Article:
The Word of God Comes to Us in Humility
I ran into Jess in the grocery store one Sunday morning. She glanced around, as if to make sure we weren’t within earshot of another customer. Then she said, “So that Bible study you invited me to join?”
“Yes!” I replied, with what might have been an excessive amount of enthusiasm. “I’m so happy you want to come.”
“Me too,” she said. She looked down. “The thing is. You said read Mark 1. Where would I find that?”
“Oh, I’m sorry,” I said. “You just look in the table of contents and turn to Mark.”
She nodded, and I now imagine that she had to gather some courage to say, “Right. The table of contents in the . . .”
I closed my eyes for a beat, realizing suddenly how many assumptions I had brought into this conversation. “In the Bible,” I said.
She took another breath. “I don’t actually have one of those.”
“No worries at all,” I said. “I can send it to you online.”
I tried to sound nonchalant, but what struck me about our interaction was how many barriers I had erected which had inadvertently prevented my friend from reading about Jesus. I made assumptions that she would have a Bible, a Bible written in contemporary language, that she would know how to find Mark, that she would even know what a “Bible study” is.
Plenty of appropriate barriers get in the way of following Jesus. There’s the whole question of God’s existence, not to mention God’s existence in the form of a Jewish carpenter who died and rose again. Then there are Jesus’ claims about himself. He calls himself Lord of all, for instance, and he calls his disciples to leave everything behind and follow him. Submitting to Jesus as Lord presents a legitimate barrier to entering into the Christian fold, an appropriate “stumbling block” as Jesus himself put it. But I had erected unnecessary walls long before my friend ever had a chance to encounter Jesus and his claims.
To her enduring credit, Jess showed up the following Monday night at 7:00, and she sat alongside a small group of women who were mostly like her—people who hadn’t read, or owned, Bibles until very recently. I started the group with a series of explanations. I told them that “gospel” means “good news,” and that it was a word used to herald the coming of a king to a nearby town or village in Roman days. I explained that we used this word to describe these books that were written in the early decades of the first century to give us narratives about Jesus’ life and teachings, his death and resurrection. I even pointed out the numbers scattered all over every page and explained how over time we decided to locate sentences throughout the Bible with chapters and verses. I also told them that, when compared to other ancient literature, the Gospel of Mark wasn’t well written, and I explained why I take great comfort in knowing that Mark’s Gospel has bad grammar and demonstrates Mark’s lack of education and training.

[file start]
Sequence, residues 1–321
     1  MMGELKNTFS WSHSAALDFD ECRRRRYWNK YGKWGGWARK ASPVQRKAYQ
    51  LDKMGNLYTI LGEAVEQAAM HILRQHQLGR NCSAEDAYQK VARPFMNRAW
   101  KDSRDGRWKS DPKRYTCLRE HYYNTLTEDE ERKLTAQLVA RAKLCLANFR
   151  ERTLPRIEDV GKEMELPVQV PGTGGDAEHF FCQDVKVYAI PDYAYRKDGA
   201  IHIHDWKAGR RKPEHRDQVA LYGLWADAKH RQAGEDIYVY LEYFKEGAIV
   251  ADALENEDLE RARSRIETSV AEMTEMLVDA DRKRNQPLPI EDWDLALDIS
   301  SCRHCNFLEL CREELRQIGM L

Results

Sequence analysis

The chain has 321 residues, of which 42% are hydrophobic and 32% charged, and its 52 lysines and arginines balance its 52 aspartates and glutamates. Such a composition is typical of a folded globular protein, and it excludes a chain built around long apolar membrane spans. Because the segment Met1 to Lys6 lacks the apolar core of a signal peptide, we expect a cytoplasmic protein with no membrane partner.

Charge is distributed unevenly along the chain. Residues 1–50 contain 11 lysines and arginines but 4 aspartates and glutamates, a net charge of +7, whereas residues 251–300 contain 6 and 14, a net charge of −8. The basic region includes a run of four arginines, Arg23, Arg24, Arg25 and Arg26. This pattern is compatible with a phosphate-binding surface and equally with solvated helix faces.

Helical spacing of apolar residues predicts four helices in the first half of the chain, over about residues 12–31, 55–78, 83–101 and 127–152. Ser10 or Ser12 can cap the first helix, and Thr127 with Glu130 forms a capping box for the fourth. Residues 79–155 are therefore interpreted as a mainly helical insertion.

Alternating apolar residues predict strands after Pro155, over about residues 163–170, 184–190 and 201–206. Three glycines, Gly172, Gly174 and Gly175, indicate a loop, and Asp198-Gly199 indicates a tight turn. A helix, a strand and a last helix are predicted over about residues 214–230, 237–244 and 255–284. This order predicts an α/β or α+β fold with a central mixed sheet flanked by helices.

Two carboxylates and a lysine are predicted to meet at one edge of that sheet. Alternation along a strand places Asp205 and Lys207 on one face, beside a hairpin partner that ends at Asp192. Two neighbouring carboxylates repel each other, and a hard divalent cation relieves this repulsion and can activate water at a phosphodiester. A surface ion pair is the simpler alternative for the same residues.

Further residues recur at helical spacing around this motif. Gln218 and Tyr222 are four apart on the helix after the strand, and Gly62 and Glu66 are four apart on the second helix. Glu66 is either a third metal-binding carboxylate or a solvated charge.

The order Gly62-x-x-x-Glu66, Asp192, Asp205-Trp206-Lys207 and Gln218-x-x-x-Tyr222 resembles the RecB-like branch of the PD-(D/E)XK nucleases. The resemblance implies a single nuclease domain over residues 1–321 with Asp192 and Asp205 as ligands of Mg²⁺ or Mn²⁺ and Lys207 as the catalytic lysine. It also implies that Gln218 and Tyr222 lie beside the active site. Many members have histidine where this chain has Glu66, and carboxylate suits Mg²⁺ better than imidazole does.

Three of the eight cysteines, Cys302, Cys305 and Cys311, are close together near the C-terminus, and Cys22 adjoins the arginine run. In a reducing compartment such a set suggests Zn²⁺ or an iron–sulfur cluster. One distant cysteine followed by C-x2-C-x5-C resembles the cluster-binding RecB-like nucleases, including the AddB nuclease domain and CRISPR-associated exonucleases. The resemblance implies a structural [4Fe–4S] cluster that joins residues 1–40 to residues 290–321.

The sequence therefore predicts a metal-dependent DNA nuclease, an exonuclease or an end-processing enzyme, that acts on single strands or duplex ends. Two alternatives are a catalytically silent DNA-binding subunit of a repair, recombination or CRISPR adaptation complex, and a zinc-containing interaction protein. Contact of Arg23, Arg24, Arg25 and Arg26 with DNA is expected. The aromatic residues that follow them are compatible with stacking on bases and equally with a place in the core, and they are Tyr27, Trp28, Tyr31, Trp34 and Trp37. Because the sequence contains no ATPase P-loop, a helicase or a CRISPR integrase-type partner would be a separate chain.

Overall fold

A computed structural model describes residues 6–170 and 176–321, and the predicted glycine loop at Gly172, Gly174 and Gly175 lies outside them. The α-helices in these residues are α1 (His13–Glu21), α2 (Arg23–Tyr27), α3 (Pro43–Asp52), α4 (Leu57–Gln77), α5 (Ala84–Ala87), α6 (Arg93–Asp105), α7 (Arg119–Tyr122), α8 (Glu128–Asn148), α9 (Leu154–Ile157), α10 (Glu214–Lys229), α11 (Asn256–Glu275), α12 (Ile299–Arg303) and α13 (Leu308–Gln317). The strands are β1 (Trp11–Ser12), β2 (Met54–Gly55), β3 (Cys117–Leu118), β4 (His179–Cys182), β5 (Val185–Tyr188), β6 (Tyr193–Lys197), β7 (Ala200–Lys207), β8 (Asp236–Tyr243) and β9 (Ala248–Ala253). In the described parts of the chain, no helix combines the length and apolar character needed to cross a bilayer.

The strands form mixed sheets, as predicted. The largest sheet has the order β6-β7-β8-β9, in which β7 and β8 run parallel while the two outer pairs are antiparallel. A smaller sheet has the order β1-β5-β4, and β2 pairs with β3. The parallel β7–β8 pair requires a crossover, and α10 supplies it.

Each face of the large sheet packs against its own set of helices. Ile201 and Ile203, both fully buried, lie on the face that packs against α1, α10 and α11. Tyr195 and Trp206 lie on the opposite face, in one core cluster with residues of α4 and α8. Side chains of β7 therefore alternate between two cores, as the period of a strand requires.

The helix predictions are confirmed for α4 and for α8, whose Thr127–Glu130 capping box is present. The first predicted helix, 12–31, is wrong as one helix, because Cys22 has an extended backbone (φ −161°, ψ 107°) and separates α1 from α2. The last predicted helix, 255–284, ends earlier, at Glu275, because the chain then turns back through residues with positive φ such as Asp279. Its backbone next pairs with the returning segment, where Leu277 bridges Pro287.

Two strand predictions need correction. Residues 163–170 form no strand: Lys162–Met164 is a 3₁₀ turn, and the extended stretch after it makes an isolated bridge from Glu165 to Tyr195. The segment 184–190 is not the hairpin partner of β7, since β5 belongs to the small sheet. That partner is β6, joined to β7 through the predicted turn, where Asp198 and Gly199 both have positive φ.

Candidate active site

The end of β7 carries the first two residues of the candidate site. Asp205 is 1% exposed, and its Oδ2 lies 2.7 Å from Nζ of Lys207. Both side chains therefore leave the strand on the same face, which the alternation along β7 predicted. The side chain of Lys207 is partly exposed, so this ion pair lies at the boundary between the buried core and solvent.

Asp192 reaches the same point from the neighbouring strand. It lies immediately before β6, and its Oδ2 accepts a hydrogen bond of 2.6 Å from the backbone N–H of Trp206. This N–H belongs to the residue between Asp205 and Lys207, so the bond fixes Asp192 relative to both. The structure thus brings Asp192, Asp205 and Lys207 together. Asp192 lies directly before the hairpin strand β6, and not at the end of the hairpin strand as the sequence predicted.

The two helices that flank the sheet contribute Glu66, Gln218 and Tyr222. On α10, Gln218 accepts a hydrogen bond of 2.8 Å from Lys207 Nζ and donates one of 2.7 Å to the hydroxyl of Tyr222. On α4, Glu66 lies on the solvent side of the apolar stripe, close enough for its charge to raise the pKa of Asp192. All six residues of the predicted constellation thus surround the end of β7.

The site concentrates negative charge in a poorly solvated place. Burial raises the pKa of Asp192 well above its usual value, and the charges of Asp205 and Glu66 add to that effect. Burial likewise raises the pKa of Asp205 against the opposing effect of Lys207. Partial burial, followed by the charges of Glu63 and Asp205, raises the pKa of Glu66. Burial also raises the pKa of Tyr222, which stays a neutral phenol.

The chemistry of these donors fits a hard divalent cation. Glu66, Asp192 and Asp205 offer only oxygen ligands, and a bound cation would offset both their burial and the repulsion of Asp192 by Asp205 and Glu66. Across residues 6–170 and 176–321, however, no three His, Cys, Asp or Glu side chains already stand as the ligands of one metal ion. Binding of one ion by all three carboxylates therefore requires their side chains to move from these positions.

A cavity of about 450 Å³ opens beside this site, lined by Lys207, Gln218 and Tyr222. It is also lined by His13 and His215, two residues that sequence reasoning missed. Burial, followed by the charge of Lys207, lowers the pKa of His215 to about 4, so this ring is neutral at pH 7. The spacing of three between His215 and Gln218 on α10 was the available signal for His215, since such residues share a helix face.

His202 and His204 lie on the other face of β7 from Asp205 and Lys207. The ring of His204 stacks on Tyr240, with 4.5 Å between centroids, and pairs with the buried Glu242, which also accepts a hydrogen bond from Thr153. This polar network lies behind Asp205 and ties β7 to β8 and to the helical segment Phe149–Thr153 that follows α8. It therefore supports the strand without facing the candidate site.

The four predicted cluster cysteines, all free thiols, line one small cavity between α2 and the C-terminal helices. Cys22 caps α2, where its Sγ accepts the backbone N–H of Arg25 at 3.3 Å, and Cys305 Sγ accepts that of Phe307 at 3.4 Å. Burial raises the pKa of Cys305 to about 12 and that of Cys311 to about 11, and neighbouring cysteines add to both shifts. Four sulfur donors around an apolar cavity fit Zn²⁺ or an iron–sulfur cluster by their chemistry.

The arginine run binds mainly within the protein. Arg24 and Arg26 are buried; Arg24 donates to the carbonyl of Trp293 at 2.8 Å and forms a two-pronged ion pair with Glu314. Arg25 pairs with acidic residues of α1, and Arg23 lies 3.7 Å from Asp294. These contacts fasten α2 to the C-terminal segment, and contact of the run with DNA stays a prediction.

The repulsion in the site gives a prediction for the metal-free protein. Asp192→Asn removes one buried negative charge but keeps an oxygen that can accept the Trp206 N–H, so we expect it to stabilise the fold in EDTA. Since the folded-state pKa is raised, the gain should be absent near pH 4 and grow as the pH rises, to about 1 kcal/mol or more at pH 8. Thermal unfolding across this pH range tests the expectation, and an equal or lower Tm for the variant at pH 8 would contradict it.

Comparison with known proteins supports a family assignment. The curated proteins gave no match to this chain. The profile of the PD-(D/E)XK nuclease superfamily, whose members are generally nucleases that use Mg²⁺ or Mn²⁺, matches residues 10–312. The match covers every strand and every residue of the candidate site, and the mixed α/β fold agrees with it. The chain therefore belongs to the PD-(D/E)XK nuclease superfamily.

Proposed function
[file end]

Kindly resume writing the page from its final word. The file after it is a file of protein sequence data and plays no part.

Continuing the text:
Eugene Peterson was the first person to point out to me, through his work on The Message, the grittiness of the language of the New Testament. Scholars of the classics may scorn the rudimentary Greek employed by those writers, but Peterson held it up as a ray of light, an invitation to all of us common people to read what the common people had to say about Jesus. What makes these words endure is not their literary acumen or their intellectual tone or their cleverness. What makes them endure is the story they tell and the person to whom they point. Peterson insisted on bringing the language of the New Testament back to a place of ordinary words written to ordinary people in order to invite us into an extraordinary story. His work helps to remove some of the human barriers to entry. He leaves the barriers that Jesus himself erects.
The Word of God came to earth in the form of a homeless child. It should come as no surprise that the Word of God also comes in the form of stories told by fishermen and tax collectors and bleeding women and beggars. The Word of God comes to us in humility.
The Apostle Paul writes about Christ’s humility in a famous passage in Philippians 2. Peterson translates this description: “Having become human, [Jesus] stayed human. It was an incredibly humbling process. He didn’t claim special privileges. Instead, he lived a selfless, obedient life and then died a selfless, obedient death. . . .”
The language of The Message demonstrates Christ’s humility. The existence of the Bible demonstrates the humility of the Triune God. God was humble enough to entrust the words of Scripture to ordinary human beings. Peterson’s work has helped to make that humility—and the glory that always goes hand in hand with humility—all the more clear.
The Message is an invitation to encounter the Word of God without unnecessary barriers. It returns us to the humble language of ordinary people. It invites us to stumble not over language but over Jesus, that he might become the capstone of our lives.
Amy Julia Becker is the author of White Picket Fences: Turning toward Love in a World Divided by Privilege, Small Talk: Learning from My Children about What Matters Most, and A Good and Perfect Gift: Faith, Expectations, and a Little Girl Named Penny.